Featured in Town Planning Review 93.1: Trendy urbanists, innovation laboratories and best practices: in pursuit of ‘progressive’ urban planning in Mexico City

The editors of Town Planning Review (TPR) have selected the following paper as the Featured Article in TPR 93.1.

This paper will be free to access for a limited time:

‘Trendy urbanists, innovation laboratories and best practices: in pursuit of ‘progressive’ urban planning in Mexico City’ by Ryan A. Whitney

When asked to describe the paper and highlight its importance, the author stated the following:

Cities around the world are increasingly adopting urban planning ‘best practices’ to create more livable, sustainable, and equitable cities. Indeed, city governments are using innovation laboratories to foster more democratic and participatory planning practices, bike lanes and pedestrian streets are increasingly common to foster more walkable and bikeable neighborhoods, and urban ‘sustainability’ is now a common pillar of urban and town planning.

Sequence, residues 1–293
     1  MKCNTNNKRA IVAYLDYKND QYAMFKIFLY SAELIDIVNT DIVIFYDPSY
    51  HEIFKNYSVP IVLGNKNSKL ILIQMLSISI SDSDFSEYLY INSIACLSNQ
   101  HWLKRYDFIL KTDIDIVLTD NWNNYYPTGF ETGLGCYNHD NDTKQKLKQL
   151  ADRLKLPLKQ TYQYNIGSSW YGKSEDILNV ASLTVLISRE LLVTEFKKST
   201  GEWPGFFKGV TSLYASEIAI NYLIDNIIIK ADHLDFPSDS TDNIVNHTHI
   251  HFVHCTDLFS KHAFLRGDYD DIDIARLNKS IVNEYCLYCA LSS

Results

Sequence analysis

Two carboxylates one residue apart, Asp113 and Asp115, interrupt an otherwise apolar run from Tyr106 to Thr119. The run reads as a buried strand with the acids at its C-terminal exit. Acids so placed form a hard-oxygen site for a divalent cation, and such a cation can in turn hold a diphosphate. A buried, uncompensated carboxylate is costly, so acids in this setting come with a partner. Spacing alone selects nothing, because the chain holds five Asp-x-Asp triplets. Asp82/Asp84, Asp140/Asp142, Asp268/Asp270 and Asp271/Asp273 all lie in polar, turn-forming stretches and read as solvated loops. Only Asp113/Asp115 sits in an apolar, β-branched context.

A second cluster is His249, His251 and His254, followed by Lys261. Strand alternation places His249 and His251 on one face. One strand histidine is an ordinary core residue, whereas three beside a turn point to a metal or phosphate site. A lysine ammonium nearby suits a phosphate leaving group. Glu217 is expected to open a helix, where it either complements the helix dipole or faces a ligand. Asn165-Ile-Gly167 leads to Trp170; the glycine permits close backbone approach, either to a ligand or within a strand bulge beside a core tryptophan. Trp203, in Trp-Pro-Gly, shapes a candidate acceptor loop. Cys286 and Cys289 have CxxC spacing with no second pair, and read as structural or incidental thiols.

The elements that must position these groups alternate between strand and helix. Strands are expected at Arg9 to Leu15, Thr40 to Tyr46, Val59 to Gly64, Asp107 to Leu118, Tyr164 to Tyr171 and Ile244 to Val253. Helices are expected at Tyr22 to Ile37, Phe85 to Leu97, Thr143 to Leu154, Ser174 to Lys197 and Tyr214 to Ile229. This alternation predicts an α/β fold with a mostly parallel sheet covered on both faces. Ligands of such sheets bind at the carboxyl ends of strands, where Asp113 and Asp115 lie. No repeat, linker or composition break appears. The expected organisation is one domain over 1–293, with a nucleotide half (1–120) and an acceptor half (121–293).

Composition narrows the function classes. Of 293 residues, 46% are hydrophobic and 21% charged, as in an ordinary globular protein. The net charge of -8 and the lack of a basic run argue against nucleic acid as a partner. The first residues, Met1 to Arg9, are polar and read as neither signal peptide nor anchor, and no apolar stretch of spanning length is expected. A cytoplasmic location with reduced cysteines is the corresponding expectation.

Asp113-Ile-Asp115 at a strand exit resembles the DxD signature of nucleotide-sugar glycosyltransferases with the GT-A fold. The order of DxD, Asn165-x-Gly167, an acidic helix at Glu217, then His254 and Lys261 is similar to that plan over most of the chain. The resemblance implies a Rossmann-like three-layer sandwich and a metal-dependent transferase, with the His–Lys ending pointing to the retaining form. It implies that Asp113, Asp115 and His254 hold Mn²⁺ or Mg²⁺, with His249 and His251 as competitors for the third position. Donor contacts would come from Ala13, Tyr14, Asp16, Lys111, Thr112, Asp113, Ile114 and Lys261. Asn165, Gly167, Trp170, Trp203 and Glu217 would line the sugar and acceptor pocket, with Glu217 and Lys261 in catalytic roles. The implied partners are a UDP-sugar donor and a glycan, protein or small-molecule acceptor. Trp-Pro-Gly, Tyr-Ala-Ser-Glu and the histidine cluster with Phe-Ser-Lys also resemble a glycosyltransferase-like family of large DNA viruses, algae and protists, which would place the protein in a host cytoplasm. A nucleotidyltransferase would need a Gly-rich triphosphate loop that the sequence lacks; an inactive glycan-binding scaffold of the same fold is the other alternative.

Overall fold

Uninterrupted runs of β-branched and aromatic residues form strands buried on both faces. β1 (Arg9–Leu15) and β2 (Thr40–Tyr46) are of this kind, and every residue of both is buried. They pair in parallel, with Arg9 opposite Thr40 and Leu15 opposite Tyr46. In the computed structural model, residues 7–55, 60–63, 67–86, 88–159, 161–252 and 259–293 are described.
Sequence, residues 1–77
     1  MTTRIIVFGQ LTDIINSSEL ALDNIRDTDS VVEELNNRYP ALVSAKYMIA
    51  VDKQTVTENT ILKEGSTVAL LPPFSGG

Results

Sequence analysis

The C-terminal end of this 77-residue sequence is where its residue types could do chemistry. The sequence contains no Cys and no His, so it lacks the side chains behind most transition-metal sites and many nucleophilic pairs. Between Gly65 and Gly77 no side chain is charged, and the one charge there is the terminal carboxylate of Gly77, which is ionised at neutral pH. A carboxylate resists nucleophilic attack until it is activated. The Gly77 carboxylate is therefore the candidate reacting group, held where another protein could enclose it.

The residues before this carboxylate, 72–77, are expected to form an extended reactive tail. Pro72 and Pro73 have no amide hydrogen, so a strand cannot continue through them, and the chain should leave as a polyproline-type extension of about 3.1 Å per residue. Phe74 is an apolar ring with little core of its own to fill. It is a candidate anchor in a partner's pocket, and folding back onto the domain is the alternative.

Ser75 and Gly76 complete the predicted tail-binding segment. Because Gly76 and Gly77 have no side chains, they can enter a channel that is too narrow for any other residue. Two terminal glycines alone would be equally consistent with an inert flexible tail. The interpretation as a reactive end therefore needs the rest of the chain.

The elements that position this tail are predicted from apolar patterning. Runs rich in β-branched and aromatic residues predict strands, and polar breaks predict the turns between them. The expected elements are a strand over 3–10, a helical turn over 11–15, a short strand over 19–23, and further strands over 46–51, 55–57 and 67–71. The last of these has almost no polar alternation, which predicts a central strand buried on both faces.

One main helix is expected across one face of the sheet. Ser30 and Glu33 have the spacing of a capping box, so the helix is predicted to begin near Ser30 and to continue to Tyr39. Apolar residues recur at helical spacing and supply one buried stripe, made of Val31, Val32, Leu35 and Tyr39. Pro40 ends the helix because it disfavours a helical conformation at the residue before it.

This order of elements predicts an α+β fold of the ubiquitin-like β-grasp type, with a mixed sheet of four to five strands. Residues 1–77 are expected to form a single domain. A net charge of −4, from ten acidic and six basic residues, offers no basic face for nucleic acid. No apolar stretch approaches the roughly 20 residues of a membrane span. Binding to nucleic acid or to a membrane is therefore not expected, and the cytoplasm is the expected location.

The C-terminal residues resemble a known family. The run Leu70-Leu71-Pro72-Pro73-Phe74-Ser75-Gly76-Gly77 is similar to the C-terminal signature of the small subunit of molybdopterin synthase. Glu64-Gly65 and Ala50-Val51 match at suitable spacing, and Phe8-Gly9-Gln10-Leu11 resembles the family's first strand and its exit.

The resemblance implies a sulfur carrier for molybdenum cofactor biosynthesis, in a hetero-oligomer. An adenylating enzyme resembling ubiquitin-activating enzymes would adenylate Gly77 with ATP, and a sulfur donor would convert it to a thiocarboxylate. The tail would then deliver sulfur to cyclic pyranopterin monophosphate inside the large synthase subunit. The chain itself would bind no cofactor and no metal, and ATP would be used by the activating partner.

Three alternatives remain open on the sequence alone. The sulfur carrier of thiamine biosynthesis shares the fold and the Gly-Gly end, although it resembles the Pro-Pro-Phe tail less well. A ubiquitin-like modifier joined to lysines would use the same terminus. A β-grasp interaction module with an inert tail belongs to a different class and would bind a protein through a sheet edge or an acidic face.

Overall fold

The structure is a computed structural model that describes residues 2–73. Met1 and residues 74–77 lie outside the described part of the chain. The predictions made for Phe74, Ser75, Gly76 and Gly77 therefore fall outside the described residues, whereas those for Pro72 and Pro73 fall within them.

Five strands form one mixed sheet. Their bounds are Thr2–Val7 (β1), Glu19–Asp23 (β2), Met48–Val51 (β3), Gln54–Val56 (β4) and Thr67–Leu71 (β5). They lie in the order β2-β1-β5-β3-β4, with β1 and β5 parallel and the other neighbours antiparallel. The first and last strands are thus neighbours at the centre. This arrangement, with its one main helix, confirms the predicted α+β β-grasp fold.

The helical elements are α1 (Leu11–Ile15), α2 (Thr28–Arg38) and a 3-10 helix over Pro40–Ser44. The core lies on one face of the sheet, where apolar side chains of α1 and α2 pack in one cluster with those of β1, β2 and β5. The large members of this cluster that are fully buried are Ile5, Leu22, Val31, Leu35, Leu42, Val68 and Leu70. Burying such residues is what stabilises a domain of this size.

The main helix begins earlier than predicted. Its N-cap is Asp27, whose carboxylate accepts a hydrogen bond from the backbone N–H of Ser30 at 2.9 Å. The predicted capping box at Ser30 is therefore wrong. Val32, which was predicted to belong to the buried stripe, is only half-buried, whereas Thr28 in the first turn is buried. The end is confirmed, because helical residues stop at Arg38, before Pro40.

In this article I explore the disconnect between globalized urban planning ‘best practices’ and their real-world outcomes. Theorizing from a government innovation laboratory within Mexico City, I use the term ‘trendy urbanists’ to describe the privileged professionals that aspire to be on the cutting edge of urban planning. I argue that while their preferred best practices are often sold as increasing urban ‘sustainability’ and ‘equity’ for all, trendy urbanists often reproduce established histories of urban development in Mexico and Latin America that reflect the needs and desires of the privileged.

While I theorize from Mexico City, the power of this article lies in its applicability to diverse cities around the world. Trendy urbanists do not only live and work in Mexico City; they can be found in the public, private, civil society, and academic institutions in cities around the world often pushing for the uptake of similar sets of best practices. Recognizing this, I ask who the urban sustainability agenda is really designed to benefit, and if the evolving best practices that are commonplace within urban planning are creating more ‘sustainable’ and ‘equitable’ cities for all.

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